|PRP-5||Submit project metadata and MSP Rare Plant Management Plan to the MSP Web Portal.||some occurrences are in progress|
|By 2019, Completed Salt Marsh Bird's-beak Section in MSP Rare Plant Management Plan||2021|
Management units: 1
In 2019, begin implementing highest priority management actions identified for salt marsh bird's-beak in the MSP Rare Plant Management Plan.
|IMP-1||Submit metadata, management datasets, and report to the MSP Web Portal.||waiting for precedent action|
|By 2022, =2 High Priority Management Actions Implemented for Salt Marsh Bird's-beak from the MSP Rare Plant Management Plan||2021|
Management units: 1
In 2019, begin monitoring effectiveness of implementation of highest priority management actions identified in the salt marsh bird's-beak section in the MSPRare Plant Management Plan.
|IMP-1||Submit metadata, management effectiveness datasets, analyses, and report to the MSP Web Portal.||waiting for precedent action|
|Effectiveness of High Priority Management Actions Determined||2021|
Rare Plant Management and Seed Plan
MSP Roadmap 2019 and 2020 objectives include developing a â€œManagement Strategic Plan Framework Rare Plant Management Plan for Conserved Lands in Western San Diego Countyâ€ and a â€œManagement Strategic Plan Seed Collection, Banking, and Bulking Plan for Conserved Lands in Western San Diego Countyâ€. These plans include general sections with background information and rationale for prioritizing and developing management recommendations with separate chapters and specific recommendations for priority species. In 2019, general framework sections were developed along with species chapters for San Diego thornmint, Nuttallâ€™s acmispon, salt marsh birdâ€™s-beak and Otay tarplant (CBI, AECOM and SDMMP 2020 a,b). In 2020, chapters will be developed for short-leaved dudleya, Orcuttâ€™s spineflower, and willowy monardella. These plans are developed with input and guidance provided by the Rare Plant Management Group Steering Committee and species working groups. Participants in these groups include landowners and managers, scientists, species experts, restoration specialists, seed collection and banking practitioners, and representatives from non-profit organizations and wildlife agencies. These plans are based on the latest scientific information for species on habitat relationships, ecology, genetics, seed collection guidelines, and best management practices. Occurrence-specific management recommendations are based on working group input and multiple years of Inspect and Manage monitoring data on population status, habitat associations and threats. These are living documents as new species chapters are added as they are developed and existing chapters are revised when new information becomes available or management actions are completed, and new recommendations are needed.
|File name||Lead Author||Year||Type|
|A Report of Genetic Sample Collections and Curation for Six Rare Plants within the San Diego MSPA San Diego County, California||Mulligan, Margaret||2018||report|
|High-throughput sequencing reveals distinct regional genetic structure among remaining populations of an endangered salt marsh plant in California||Milano, Elizabeth; Mulligan, Margaret; Rebman, Jon; Vandergast, Amy||2020||journal article|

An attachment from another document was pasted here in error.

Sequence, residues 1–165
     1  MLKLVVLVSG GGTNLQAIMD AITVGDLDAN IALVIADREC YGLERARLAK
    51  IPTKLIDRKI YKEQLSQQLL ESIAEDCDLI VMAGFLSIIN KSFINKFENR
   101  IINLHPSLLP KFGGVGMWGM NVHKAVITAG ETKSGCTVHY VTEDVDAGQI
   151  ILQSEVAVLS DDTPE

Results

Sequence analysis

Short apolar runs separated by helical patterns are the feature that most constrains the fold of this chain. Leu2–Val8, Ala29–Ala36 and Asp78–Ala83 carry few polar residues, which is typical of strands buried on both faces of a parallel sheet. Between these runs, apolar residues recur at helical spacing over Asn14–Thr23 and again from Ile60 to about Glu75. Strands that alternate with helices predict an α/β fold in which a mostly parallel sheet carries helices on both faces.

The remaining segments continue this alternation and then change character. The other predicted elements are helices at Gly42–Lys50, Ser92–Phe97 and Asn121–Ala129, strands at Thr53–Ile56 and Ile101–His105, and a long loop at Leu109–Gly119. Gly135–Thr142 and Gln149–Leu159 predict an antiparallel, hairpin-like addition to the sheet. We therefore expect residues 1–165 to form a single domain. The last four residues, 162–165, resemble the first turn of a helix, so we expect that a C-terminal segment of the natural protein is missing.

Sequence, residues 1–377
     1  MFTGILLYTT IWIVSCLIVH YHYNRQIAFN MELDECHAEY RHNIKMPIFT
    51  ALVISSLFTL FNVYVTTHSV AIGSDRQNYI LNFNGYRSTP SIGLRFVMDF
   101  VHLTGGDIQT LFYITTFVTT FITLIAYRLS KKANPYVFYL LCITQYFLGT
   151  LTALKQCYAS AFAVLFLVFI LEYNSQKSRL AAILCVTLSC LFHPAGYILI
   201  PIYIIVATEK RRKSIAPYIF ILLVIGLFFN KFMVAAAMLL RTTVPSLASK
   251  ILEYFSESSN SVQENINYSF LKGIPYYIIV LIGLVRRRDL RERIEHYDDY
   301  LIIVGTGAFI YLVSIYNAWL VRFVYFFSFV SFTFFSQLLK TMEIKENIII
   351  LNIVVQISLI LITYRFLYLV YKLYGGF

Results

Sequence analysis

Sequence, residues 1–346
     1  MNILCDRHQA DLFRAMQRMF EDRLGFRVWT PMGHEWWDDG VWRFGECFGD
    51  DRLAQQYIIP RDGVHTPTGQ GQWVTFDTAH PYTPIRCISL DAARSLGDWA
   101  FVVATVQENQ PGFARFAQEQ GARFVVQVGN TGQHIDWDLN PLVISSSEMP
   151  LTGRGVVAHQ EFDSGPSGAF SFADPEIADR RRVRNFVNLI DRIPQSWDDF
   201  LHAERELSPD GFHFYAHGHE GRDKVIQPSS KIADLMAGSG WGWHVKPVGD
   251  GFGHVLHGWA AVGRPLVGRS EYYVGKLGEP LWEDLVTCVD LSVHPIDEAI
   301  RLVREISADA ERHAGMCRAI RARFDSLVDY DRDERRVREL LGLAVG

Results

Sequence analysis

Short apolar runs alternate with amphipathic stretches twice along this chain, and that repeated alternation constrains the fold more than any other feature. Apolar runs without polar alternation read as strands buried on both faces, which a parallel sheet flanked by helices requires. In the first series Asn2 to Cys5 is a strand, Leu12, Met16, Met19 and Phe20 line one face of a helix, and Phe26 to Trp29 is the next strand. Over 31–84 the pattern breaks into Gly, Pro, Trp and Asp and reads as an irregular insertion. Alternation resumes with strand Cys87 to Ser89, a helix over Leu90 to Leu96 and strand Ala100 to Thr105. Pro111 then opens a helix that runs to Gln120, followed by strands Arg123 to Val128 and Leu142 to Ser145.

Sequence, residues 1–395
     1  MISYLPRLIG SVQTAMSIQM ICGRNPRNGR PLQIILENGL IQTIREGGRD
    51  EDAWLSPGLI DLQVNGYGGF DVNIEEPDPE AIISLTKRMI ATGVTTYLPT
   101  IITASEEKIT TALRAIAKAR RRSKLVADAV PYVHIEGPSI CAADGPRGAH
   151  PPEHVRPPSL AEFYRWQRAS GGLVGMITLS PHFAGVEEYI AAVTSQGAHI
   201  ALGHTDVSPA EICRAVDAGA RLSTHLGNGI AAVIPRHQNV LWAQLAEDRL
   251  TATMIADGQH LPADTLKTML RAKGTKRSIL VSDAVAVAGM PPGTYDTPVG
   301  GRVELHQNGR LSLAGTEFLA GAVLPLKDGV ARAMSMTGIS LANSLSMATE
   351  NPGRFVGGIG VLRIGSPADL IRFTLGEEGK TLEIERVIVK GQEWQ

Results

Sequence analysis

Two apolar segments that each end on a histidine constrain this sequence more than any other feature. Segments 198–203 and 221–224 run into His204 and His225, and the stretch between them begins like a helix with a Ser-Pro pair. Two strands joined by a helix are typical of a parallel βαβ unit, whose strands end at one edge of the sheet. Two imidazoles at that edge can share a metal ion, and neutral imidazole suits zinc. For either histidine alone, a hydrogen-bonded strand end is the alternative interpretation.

|Management Strategic Plan (MSP) 2014 Monitoring Protocol for Rare Plant Occurrences on Conserved Lands in Western San Diego County||San Diego Management and Monitoring Program||2014||report|
|Management Strategic Plan (MSP) 2015 Monitoring Protocol for Rare Plant Occurrences on Conserved Lands in Western San Diego County||San Diego Management and Monitoring Program||2015||report|
|Management Strategic Plan Framework Rare Plant Management Plan for Conserved Lands in Western San Diego County||2021||report|
|Management Strategic Plan Seed Collection, Banking, and Bulking Plan for Conserved Lands in Western San Diego County||2021||report|
|Population Genomic Surveys for Six Rare Plant Species in San Diego County, California||Milano, Elizabeth; Vandergast, Amy||2018||report|
|Recording - February 2023 SDMMP Management and Monitoring Coordination Meeting - Part 2||Vinje, Jessie; Mulligan, Margaret||2023||recording|
|SDNHM 2018 Rare Plant Genetic Sampling Final||2018||report|
|Status of Salt Marsh Birdâ€™s-beak in San Diego County, California and Baja California, Mexico in 2022||Vinje, Jessie; Mulligan, Margaret||2023||powerpoint presentation|
Disjunct coastal salt marshes of southern and central California and adjacent northern Baja California, Mexico . Naturally patchy distributions in sites subject to higher tidal influxes in coastal salt marshes. Considered extant only at Point Mugu in Ventura, County, Tijuana Estuary in San Diego County, and in northern Baja California[2; cited in 1]. Three life history characteristics affect the distribution: (1) annual habit, (2) hemiparasitic mode of nutrition, and (3) the fact that it is a halophyte (a salt tolerant plant) . Within a given marsh, distribution depends upon the local dispersal of its seeds, distribution of potential host plants, and annual environmental conditions.
Eleven occurrences on conserved lands in MU1 including Border Field State Park, Tijuana Slough National Wildlife Refuge, San Diego Bay National Wildlife Refuge, and Tijuana River Valley Regional Park.
FE and CE .
Halophyte (plant tolerating or thriving in alkaline soils) found in coastal salt marshes generally above most tidal flows . Grows with species of Salicornia, Distichlis, Frankenia, Suaeda, and Atriplex in the higher areas . Generally in areas of low rainfall and high evaporation rates, with little or no summer rainfall and highly seasonal stream flows .